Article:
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The Coronavirus Job Retention Scheme (CJRS) successfully launched yesterday (on 20th April 2020) with a reported 140,000 employers accessing the scheme system. At the same time, there are still uncertainties about how the scheme will operate. On 17th and 20th April, the Government published further guidance on the Scheme.
Important points for employers to note include:
The revised HMRC guidance published on 20th April states that employers must confirm in writing to their employee that they have been furloughed. The HMRC guidance also provides that employers need to ensure that there is a written record of this communication (which must be kept for five years) but do not need to be provided with a written response from the employee confirming their acceptance in order to be eligible under the scheme.
However, this directly conflicts with the content of the Treasury Direction to HMRC published on 15th April, which stated that an employee can be furloughed only when the employer and employee have ‘confirmed in writing (which may be in an electronic form such as an email) that the employee will cease all work in relation to their employment’. It is important to note that the Treasury Direction was issued under powers conferred under the Coronavirus Act 2020 and provides the legal foundation for the scheme, and in the event of any conflict is likely to trump other guidance published.
Best practice for employers will be to ensure that they have maintained open communication with their workers and sought their agreement to cease work and being placed on furlough before taking any steps to do so. Once this consent has been obtained, employers must ensure that they confirm this agreement in writing and maintain a copy for five years.
Revised HMRC guidance for employees published on 17th April provides the first information regarding annual leave whilst on furlough. The guidance confirms that furloughed workers continue to accrue annual leave in accordance with the terms of their employment contracts and that when leave is taken it must be paid at their normal rate of pay pursuant to the Working Time Regulations 1998.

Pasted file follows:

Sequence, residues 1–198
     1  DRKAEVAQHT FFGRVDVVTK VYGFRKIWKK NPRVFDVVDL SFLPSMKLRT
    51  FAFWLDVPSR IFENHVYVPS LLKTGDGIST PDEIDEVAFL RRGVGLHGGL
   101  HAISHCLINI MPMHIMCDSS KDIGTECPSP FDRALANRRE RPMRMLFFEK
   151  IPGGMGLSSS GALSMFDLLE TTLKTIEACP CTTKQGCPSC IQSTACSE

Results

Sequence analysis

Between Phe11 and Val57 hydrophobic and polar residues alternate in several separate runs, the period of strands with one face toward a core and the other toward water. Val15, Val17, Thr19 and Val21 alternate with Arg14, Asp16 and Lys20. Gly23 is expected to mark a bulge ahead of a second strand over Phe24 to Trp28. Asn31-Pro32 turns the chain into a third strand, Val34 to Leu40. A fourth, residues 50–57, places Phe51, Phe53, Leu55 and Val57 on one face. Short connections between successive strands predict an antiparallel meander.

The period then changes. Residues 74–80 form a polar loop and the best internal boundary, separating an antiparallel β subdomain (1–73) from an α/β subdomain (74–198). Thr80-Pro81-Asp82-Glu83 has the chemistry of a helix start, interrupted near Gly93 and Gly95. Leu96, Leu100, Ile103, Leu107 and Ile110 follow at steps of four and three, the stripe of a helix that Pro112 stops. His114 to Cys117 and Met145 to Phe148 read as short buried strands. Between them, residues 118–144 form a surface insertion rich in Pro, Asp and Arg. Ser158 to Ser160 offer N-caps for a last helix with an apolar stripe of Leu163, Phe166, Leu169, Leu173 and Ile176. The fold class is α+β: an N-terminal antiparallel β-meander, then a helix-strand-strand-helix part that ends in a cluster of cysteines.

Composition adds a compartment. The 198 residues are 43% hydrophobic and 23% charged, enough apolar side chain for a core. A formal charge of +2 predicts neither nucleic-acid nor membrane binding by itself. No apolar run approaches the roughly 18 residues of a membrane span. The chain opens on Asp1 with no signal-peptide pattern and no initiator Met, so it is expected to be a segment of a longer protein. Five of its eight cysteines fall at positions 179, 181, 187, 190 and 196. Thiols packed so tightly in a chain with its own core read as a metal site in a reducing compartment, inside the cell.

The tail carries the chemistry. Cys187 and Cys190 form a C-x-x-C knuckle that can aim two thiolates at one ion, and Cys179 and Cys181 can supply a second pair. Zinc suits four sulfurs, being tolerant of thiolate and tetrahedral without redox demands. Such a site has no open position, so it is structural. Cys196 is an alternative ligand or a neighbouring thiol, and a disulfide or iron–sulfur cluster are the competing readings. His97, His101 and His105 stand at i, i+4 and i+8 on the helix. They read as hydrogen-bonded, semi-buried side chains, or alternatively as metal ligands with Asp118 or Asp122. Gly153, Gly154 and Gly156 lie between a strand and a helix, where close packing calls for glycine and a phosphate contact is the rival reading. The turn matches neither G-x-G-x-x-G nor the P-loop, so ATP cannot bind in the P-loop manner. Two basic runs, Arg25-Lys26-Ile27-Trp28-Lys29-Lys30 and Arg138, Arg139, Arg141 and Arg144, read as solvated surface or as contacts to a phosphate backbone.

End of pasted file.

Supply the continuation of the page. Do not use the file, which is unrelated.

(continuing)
Therefore, employers must ensure that they pay their workers their usual holiday pay even if this means topping up the additional amount above the reimbursed sum claimed under the CJRS i.e. topping up the additional 20%. Should a worker normally work bank holidays, then an employer can agree that this is included within the payment of the grant, or should a worker normally take a bank holiday as annual leave then the employer would need to give the worker a day of holiday in lieu or top up the worker’s pay to their usual holiday pay.
Due to the unprecedented nature of the Coronavirus pandemic, the guidance on how to adapt to its impact evolves daily and becomes out of date very quickly. We recommend that you keep checking to ensure you are following the most up to date guidance, particularly as there are still some unanswered questions about the CJRS. Further, in addition to the public guidance, there are always specific circumstances that individual employers must consider, such as a particular employee or employer arrangements or issues (contractual or otherwise). If in doubt, please take advice.